Label: Sony Music 2011
Review by Alan Holloway
Incredibly, this is only the 12th studio album for Meat Loaf, a figure that becomes even more odd when you consider he has had 16 compilations made from his work. Unlike some artists with his longevity, his albums have been consistently successful, with his reliance on a certain Jim Steinman slightly exaggerated by some. Whilst the last album, “Hang Cool Teddy Bear” received a glut of positive reviews, album number twelve arrives barely a year later more mediocre than meteorite.
Whilst Meat’s live performances have received heavy criticism, he can still cut it in the studio and sounds pretty good here. Some of the songs work really well, such as the John Mellencamp-like “Live Or Die”, his collaboration with fellow ‘Apprentice’ contestants “Stand In The Storm” and the upbeat “Party Of One.” Interestingly, Lil Jon has a very well placed rap part in “Stand In The Storm” that works well, whilst Chuck D is totally out of place on the otherwise good “Mad Mad World”. Rap and rock is an exact science, and sometimes an experiment goes awry. There’s two great duets with Patti Russo (a staple guest for Meat since the 90s), “Our Love & Our Souls”, and a rather spiffy version of “California Dreamin” that works against the odds.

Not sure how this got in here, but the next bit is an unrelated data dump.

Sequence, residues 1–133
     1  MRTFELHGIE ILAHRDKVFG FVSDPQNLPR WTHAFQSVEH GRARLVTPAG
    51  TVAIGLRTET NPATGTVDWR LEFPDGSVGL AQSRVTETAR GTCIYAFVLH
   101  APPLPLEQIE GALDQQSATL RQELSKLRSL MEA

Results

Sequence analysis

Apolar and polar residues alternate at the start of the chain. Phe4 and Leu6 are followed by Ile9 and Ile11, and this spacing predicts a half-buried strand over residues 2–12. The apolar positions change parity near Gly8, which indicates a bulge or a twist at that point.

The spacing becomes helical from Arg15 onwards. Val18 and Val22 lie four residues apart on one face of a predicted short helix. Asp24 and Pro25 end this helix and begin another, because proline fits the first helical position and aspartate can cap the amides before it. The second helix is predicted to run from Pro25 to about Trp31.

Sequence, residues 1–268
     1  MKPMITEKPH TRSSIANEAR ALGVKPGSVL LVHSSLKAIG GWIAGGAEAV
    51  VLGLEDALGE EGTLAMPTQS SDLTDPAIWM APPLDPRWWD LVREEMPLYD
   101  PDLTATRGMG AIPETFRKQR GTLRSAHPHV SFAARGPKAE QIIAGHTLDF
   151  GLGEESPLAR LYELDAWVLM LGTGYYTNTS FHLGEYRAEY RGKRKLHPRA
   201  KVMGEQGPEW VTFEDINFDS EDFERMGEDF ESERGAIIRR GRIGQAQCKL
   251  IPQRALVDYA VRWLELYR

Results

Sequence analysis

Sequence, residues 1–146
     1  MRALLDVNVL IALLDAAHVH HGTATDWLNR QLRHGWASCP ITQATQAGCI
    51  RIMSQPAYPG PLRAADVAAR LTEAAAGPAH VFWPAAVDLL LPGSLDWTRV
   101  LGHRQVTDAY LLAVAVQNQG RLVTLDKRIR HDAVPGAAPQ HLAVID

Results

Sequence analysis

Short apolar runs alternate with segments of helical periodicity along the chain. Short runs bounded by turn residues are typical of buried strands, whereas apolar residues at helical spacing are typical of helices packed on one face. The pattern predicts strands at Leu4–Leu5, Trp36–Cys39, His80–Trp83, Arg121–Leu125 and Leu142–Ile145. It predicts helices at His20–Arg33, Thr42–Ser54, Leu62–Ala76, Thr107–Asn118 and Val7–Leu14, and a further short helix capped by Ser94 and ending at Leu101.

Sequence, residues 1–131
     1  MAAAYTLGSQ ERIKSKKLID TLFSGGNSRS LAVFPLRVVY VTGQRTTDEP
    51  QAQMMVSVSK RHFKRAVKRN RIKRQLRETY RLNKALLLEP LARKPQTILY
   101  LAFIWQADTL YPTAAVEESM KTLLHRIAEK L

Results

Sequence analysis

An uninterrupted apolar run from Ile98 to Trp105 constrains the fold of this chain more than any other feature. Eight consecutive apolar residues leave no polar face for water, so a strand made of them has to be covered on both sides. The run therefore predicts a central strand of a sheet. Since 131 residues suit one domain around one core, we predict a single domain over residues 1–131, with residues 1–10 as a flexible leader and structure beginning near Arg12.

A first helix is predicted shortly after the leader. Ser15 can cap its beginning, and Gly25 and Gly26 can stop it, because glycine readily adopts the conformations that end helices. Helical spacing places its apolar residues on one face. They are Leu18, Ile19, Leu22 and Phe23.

“Hell In A Handbasket” is, on the whole, a reasonably laid back album by Meat Loaf standards, although there’s still a fair few rockers. The biggest problem is that nothing much sticks in your head, and as a result the album drags it’s feet in the mud rather than flying, fifty minutes seeming more like ninety. I still personally admire Meat Loaf for his career and staying power, but this is one that made me wish for Steinman’s return to the fold, although it still has some rather nice high points.